Especially the Parchments -- By: Charles C. Ryrie

Journal: Bibliotheca Sacra
Volume: BSAC 117:467 (Jul 1960)
Article: Especially the Parchments
Author: Charles C. Ryrie

Especially the Parchments

Charles C. Ryrie

[Charles C. Ryrie is President of Philadelphia College of Bible, Philadelphia, Pennsylvania.]

[Editor’s Note: This article is the text of the address given by Dr. Ryrie at the dedicatory services for the Mosher Library on the campus of Dallas Seminary on January 18, 1960.]

The heart of any school is its faculty—the living faculty and the written faculty. This is why this is such an important occasion, for the dedication of the Mosher Library to house the written faculty of Dallas Theological Seminary is as important as the addition of qualified men to its living faculty. The emphasis given to the library is a true measure of the alertness of faculty, students, and friends to a proper concept of priorities. And it is to this matter of priorities that we shall address ourselves.

The most revealing times in a person’s life are the times of stress. The emotional strain of a parting, the stress of illness or accident, wrestlings against spiritual temptations are illustrative of such times. But the nearness of death is perhaps the ultimate of all such times, for the nonessentials are easily forgotten, and what the dying person considers important comes quickly to the fore. I remind you of a New Testament text which illustrates this. “Do thy diligence to come shortly unto me. The cloke that I left at Troas with Carpus, when thou comest, bring with thee, and the books, but especially the parchments” (2 Tim 4:9, 13).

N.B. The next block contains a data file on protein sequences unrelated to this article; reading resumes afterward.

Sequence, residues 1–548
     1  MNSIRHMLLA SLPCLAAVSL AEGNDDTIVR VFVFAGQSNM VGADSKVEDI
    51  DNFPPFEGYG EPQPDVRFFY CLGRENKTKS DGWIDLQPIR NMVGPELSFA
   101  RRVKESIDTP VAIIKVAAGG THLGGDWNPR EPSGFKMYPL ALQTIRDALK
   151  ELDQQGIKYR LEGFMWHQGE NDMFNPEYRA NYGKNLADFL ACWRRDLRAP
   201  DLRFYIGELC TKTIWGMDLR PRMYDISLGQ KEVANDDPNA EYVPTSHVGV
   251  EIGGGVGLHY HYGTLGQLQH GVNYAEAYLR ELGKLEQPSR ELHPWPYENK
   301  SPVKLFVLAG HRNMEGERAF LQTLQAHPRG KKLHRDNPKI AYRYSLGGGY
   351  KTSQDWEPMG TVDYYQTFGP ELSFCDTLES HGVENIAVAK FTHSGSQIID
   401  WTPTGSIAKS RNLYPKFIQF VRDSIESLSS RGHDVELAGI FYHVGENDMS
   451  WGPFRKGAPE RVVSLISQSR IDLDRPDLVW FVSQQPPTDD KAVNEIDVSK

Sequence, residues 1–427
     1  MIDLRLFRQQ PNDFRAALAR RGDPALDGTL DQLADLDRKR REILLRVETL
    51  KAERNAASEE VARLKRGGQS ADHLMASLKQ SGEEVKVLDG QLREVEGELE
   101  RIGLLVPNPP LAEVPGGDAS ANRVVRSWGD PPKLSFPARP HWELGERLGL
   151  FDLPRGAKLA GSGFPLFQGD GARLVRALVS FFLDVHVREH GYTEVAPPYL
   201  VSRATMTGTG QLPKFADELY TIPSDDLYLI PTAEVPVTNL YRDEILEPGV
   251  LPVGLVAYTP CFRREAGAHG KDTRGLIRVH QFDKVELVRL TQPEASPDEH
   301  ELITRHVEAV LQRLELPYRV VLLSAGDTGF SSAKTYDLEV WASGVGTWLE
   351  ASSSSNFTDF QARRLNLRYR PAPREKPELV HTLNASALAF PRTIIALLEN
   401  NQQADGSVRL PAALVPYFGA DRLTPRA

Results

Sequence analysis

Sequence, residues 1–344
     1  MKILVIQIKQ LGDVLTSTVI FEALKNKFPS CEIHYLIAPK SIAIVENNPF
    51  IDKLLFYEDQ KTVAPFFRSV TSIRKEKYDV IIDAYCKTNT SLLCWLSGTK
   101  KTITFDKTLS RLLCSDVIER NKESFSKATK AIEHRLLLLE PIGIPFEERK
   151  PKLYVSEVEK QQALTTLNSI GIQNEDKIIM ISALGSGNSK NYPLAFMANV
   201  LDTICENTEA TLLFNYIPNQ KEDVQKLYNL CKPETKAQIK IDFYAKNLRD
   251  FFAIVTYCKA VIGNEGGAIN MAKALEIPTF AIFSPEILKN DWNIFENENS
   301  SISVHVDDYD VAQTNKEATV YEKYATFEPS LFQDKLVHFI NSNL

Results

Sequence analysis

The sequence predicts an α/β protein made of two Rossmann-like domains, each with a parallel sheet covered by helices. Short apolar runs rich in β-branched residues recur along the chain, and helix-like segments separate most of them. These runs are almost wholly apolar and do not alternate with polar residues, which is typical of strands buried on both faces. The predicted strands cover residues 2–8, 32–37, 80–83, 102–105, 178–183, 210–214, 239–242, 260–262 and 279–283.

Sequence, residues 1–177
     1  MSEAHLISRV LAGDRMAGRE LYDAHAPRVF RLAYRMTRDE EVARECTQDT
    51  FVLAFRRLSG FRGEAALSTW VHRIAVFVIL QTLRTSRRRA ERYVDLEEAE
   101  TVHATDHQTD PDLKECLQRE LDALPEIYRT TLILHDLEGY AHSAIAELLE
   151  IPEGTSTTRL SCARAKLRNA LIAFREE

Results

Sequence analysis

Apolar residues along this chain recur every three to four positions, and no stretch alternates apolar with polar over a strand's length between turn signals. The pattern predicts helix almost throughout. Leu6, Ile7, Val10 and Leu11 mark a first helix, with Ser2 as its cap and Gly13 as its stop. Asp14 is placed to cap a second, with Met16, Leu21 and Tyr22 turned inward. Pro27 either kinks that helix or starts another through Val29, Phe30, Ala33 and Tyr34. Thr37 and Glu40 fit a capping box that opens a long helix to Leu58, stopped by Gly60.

Here is a pathetic picture of a doomed man. Prison was not a new experience for the Apostle Paul. Two-thirds of the six years before he wrote this text had been spent in confinement. Apparently his first imprisonment at Rome had ended because no one showed up to press charges, and according to Roman law he had been released by default after eighteen months. He immediately went to Crete, Macedonia, Spain, Miletus, Troas, and Corinth, and there having been rearrested back to Rome. Only this time he was not permitted the luxury of his own hired house. You see, Nero had celebrated his own kind of independence day in July 64 by burning Rome, and had blamed it on the Christians. Naturally since Paul was one of the leaders of that hated group, he was one of the first to

be captured. Evidently he had had his pretrial but no man stood with him but all forsook him. Now he was waiting the disposition of his case, with no prospect other than death except that of a bleak winter in the Mamartine Prison before being executed. In this climactic moment of stress and in this text he reveals the things he considers...

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